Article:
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Eddington number

"I believe there are 15, 747, 724, 136, 275 ,002, 577, 605, 653, 961, 181, 555, 468, 044, 717, 914, 527, 116, 709, 366, 231, 425, 076, 185, 631, 031, 296 protons in the universe and the same number of electrons." So wrote the English astrophysicist Sir Arthur Eddington in his book Mathematical Theory of Relativity (1923). Eddington arrived at this outrageous conclusion after a series of convoluted (and wrong!) calculations in which he first "proved" that the value of the so-called fine-structure constant was exactly 1/136. This value appears as a factor in his prescription for the number of particles (protons + electrons; neutrons were not discovered until 1930) in the universe: 2 136 2256 = 17 2260 = 3.149544... 1079 (double the number written out in full in the quote above). This is the Eddington number, notable for being the largest specific integer (as opposed to an estimate or approximation) ever thought to have a unique and tangible relationship to the physical world. Unfortunately, experimental data gave a slightly lower value for the fine-structure constant, closer to 1/137. Unfazed, Eddington simply amended his "proof" to show that the value had to be exactly 1/137, prompting the satirical magazine Punch to dub him "Sir Arthur Adding-One."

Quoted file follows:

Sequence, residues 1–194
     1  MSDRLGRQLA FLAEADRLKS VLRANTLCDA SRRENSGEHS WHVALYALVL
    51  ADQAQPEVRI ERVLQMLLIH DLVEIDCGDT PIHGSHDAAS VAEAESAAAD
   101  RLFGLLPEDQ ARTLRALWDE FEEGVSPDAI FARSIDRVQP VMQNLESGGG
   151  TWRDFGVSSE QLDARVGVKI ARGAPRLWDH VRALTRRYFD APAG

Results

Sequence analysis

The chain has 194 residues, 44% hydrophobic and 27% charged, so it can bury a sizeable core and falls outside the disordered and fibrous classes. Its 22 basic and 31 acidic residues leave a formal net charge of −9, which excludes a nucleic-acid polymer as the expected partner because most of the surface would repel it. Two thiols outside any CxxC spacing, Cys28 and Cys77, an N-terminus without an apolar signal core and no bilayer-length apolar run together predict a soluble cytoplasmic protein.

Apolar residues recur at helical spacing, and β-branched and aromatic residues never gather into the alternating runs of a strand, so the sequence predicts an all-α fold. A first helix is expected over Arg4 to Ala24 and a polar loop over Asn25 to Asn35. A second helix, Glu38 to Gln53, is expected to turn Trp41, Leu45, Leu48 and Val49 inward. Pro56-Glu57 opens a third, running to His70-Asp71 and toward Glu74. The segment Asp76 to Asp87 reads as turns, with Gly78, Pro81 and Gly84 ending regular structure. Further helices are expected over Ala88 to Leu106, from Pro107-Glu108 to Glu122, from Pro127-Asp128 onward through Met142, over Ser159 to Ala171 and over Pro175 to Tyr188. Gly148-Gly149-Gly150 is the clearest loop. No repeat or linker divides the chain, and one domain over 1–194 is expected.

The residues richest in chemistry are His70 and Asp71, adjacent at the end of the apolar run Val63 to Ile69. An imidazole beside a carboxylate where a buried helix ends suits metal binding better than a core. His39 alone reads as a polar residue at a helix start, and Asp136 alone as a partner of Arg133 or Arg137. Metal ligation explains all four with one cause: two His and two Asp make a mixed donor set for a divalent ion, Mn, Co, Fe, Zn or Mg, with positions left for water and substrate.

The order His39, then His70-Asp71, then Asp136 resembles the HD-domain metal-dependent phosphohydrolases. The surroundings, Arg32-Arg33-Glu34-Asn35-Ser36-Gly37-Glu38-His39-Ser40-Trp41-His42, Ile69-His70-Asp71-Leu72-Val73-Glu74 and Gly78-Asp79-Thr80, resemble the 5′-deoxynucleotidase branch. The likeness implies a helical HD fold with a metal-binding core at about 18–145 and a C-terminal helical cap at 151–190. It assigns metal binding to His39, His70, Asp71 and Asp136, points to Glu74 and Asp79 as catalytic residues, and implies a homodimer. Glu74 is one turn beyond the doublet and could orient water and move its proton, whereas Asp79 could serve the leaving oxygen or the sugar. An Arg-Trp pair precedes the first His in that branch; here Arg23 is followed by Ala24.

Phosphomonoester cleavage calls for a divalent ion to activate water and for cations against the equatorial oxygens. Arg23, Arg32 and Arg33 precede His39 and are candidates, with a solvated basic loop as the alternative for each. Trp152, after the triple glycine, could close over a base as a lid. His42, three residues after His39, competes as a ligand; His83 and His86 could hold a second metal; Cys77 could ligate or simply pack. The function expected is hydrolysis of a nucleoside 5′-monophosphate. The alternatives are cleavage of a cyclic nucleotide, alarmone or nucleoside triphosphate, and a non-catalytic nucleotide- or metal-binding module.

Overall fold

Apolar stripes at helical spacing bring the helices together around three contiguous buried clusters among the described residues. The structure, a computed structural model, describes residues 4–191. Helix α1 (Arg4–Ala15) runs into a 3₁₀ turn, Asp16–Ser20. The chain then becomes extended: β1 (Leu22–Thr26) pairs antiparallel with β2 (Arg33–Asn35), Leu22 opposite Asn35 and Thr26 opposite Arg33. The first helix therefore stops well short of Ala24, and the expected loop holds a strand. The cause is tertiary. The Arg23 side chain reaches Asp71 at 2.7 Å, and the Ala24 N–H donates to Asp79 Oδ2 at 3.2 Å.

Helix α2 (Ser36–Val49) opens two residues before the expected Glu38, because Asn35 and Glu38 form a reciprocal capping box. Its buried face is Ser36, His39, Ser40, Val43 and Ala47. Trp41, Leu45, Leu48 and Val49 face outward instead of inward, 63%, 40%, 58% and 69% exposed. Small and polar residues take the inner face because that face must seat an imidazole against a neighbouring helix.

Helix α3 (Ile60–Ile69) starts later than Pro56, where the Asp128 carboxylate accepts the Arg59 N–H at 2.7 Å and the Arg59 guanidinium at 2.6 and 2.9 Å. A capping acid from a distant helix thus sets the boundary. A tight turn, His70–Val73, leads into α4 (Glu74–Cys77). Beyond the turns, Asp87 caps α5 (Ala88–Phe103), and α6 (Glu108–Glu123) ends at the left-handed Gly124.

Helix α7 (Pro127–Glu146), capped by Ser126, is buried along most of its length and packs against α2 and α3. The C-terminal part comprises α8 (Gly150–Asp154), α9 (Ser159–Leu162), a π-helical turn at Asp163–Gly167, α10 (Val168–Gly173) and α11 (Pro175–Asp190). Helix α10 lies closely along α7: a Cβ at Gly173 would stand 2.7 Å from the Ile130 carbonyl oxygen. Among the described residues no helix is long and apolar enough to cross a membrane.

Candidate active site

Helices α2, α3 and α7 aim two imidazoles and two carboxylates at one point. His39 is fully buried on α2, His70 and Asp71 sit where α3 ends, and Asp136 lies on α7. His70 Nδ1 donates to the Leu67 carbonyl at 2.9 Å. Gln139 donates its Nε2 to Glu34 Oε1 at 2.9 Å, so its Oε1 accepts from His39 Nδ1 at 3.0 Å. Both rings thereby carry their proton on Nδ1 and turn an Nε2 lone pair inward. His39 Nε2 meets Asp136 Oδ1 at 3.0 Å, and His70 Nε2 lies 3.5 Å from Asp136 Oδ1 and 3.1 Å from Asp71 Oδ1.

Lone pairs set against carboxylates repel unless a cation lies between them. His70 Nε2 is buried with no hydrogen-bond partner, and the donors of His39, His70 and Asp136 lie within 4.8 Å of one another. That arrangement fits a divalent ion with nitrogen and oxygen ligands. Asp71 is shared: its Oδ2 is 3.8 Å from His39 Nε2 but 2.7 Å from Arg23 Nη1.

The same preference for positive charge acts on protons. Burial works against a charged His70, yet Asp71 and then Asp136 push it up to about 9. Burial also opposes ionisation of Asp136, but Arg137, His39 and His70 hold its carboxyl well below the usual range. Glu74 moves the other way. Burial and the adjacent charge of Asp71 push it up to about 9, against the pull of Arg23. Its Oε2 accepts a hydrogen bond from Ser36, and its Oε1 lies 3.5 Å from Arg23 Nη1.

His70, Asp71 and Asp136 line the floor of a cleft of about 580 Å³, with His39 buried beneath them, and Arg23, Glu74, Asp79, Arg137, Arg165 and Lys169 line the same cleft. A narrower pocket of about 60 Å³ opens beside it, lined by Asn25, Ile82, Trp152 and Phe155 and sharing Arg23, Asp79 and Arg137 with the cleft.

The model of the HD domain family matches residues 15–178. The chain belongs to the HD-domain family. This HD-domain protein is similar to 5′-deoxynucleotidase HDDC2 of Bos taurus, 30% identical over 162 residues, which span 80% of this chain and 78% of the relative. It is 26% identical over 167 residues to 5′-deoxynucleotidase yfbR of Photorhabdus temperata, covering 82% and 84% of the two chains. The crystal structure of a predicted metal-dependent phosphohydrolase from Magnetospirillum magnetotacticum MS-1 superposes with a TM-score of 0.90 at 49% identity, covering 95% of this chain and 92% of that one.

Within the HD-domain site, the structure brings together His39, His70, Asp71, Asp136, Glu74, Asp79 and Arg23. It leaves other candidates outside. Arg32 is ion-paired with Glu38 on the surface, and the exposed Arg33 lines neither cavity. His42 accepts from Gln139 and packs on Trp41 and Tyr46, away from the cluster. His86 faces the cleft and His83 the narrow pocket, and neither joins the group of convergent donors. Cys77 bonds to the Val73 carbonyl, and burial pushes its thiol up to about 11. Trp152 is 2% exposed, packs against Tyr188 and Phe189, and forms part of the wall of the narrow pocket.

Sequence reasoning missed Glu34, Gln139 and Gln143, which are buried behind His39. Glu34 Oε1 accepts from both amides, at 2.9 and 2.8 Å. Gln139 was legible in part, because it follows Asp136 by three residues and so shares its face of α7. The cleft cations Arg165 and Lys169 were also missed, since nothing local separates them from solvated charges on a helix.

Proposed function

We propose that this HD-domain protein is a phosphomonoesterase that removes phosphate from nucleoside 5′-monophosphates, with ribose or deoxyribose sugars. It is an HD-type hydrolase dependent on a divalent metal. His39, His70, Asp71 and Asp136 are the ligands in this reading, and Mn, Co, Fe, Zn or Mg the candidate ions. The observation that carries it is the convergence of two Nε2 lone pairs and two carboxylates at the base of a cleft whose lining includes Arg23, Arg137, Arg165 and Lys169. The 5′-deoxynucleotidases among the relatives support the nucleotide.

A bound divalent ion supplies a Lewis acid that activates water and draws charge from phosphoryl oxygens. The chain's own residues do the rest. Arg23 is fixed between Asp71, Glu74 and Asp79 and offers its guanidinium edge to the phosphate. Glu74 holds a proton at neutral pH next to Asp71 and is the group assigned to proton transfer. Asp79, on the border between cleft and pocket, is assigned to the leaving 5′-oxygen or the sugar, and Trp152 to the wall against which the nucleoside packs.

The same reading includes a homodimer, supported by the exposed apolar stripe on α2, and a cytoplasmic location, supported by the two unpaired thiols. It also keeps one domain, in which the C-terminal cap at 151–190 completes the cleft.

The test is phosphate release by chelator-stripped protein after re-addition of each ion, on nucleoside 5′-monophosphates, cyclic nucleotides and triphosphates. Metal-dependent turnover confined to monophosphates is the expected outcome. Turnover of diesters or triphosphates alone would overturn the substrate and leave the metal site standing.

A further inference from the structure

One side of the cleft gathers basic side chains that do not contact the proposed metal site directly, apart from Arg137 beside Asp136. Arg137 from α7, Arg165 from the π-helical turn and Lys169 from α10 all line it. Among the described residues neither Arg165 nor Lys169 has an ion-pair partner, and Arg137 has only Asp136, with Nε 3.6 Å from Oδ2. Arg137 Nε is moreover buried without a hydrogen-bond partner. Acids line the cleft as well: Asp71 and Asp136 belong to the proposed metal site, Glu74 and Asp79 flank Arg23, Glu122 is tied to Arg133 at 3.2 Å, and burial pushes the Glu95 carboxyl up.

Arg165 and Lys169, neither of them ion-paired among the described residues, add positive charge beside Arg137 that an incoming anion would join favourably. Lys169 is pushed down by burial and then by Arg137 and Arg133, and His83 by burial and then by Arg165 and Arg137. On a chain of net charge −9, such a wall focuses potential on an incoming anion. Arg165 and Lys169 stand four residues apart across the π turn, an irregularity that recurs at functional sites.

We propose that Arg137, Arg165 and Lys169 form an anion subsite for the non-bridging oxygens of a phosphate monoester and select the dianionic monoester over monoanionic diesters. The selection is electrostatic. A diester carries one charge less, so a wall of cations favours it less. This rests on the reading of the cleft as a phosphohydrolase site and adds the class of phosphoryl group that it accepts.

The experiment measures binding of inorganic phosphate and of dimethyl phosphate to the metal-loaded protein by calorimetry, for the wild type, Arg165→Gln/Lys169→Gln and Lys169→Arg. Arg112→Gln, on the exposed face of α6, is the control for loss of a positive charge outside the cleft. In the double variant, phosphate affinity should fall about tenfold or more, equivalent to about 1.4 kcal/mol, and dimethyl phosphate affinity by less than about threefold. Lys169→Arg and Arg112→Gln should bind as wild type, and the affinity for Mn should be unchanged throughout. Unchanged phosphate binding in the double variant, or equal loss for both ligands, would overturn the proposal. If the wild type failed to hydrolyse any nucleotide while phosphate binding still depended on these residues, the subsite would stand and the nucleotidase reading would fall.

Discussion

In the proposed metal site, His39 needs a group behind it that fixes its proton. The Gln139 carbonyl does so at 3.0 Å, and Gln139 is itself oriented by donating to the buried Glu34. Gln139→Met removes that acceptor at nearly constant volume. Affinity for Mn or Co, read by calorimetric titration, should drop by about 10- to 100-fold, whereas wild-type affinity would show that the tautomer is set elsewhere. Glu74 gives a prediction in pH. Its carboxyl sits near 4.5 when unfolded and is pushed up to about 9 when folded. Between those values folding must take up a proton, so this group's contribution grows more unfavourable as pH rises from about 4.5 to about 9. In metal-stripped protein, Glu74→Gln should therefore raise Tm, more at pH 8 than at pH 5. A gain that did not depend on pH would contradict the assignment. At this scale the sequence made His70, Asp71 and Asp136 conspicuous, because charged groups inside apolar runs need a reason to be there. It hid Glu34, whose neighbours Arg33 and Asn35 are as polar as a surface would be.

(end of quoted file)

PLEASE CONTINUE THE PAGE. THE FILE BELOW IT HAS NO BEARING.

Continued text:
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   • large numbers

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